AH-64D Apache Longbow
Boeing [BA] builds the Apache helicopter.The Longbow joint venture of Lockheed Martin [LMT] and Northrop Grumman [NOC] produce the Longbow weapons and fire control package.
The Apache Longbow is the Armyís prime attack helicopter, armed with a 30mm cannon built by Alliant Techsystems [ATK] and up to 16 AGM-114 Hellfire missiles produced by Lockheed Martin. The Longbow radar allows for ìfire-and-forgetî usage of Hellfire missiles. The digital integration allows for improved detection and acquisition, and can scan, detect and classify more than 128 targets.
The earlier AH-64A Apache was used in Panama in 1989 and attained major public coverage during Operation Desert Storm in 1991. In the opening night of the air campaign, Apaches destroyed Iraqi air defense radar systems, and accounted for the destruction of 500 Iraqi tanks. Apaches would have participated in Operation Allied Force in 1999 over Kosovo had it not been for the disorderly deployment of Task Force Hawk, which resulted in two crashes. Apaches also took part in fighting against Al Qaeda forces during Operation Anaconda last year, where it performed in extreme mountain conditions. Five were damaged. In one case, an Apache flew back to its base with no oil in its engines, because the Apache can fly for a very limited window without oil.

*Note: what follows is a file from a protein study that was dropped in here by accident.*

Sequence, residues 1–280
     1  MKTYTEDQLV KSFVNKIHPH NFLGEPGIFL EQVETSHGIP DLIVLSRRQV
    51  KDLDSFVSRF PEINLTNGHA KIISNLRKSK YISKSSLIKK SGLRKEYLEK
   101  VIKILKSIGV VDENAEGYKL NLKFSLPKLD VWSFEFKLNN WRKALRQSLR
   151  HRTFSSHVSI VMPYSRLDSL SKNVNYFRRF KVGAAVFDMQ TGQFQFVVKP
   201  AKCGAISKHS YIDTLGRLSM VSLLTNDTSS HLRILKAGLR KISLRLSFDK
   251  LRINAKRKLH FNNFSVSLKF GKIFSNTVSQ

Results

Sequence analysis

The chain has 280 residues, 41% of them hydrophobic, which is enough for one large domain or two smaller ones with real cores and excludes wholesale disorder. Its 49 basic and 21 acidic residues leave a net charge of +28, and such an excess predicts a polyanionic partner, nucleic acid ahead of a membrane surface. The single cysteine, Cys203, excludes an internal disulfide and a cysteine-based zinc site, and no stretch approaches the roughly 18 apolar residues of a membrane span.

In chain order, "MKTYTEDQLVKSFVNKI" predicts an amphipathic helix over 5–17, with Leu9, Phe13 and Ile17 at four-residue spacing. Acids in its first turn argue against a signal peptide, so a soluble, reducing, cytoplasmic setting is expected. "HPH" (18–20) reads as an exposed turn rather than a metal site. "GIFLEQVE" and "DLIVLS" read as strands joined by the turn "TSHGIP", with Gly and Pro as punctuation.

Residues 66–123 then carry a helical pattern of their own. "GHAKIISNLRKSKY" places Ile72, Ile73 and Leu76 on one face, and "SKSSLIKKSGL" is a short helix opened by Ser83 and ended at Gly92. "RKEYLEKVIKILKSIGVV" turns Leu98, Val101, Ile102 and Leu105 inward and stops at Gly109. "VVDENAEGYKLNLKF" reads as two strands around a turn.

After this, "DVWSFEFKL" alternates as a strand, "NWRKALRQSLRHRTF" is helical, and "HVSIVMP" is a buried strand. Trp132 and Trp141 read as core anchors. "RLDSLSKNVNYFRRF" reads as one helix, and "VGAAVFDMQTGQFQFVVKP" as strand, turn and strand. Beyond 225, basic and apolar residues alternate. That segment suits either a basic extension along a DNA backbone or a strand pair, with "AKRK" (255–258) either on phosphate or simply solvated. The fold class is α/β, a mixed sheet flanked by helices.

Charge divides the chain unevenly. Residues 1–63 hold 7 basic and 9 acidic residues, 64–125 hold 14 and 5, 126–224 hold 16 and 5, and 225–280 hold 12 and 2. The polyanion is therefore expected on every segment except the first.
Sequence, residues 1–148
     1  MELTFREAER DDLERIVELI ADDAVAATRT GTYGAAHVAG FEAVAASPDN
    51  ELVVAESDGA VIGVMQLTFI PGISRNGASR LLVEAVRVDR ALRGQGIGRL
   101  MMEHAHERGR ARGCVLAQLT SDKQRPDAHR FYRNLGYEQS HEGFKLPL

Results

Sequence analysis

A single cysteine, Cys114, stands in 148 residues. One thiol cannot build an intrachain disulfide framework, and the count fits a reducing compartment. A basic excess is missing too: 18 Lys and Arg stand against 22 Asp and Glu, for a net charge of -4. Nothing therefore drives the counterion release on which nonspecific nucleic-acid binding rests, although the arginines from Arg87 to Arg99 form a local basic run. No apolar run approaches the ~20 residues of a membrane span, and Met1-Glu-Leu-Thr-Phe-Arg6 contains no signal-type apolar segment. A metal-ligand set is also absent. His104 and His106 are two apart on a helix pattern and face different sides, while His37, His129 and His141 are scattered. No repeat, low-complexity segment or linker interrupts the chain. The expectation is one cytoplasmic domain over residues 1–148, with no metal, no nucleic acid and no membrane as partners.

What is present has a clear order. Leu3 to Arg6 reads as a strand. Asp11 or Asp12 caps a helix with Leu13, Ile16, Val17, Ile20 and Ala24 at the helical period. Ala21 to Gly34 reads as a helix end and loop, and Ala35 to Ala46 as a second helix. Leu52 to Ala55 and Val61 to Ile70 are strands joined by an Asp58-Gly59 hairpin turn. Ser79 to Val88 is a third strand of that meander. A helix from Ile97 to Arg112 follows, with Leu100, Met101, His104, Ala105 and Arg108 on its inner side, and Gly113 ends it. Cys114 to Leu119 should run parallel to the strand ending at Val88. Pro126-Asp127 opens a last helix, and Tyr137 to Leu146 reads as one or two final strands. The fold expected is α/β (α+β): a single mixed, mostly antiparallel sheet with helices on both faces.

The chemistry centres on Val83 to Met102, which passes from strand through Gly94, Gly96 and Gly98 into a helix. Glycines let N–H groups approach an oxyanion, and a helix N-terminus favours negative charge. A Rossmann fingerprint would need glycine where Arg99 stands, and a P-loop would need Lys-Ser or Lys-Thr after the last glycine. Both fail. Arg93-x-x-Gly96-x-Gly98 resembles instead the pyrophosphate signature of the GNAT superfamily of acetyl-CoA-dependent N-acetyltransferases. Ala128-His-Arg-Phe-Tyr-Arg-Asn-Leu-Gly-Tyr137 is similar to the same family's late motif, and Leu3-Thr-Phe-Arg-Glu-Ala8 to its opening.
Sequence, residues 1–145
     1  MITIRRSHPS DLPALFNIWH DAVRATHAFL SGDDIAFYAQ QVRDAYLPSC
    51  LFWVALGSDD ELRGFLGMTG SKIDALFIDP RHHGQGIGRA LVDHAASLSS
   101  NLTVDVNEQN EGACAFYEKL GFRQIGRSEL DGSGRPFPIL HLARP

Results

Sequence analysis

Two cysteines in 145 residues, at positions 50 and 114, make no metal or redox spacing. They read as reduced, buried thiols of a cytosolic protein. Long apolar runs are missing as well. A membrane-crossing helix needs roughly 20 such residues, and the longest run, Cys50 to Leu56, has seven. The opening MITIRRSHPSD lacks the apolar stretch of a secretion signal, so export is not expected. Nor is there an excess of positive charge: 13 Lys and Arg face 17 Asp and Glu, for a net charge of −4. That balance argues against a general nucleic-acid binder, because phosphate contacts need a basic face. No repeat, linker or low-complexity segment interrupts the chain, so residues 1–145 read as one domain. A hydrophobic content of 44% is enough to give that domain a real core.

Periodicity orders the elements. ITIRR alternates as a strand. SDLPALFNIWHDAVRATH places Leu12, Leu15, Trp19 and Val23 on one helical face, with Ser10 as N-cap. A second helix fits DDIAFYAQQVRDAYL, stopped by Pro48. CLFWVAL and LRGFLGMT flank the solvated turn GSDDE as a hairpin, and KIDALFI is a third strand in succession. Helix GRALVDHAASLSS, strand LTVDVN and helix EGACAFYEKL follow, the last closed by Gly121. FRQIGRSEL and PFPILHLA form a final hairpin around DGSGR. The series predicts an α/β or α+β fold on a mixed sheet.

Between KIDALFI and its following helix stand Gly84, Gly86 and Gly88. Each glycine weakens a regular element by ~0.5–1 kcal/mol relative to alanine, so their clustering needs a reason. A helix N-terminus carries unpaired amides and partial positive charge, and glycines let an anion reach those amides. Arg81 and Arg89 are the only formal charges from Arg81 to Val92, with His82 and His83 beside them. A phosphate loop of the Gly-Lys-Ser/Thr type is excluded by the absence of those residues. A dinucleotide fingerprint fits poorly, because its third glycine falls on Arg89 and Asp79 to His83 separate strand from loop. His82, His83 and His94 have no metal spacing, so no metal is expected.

Apache operators and customers include Israel, Kuwait, Singapore, Egypt, the Netherlands, Saudi Arabia, Greece, Japan, United Arab Emirates and Britain. In the latter case, Britainís GKN is building portions of its WAH-64D under license.
Boeing is currently working under a $2.3 billion contract ñ the second multiyear arrangement ñ to convert 259 A-model versions to Longbow standard. Recently, Army aviation chief Maj. Gen. John Curran approved the Block III upgrade of the Apache Longbow. The Block III upgrade is based on work by the Army and Boeing conducted since the mid-1990s. The program would include improvements to the Longbow fire control radar, new engines and transmission, digital communications and systems, connectivity with unmanned aerial vehicles (UAV) and electronic warfare self-protection.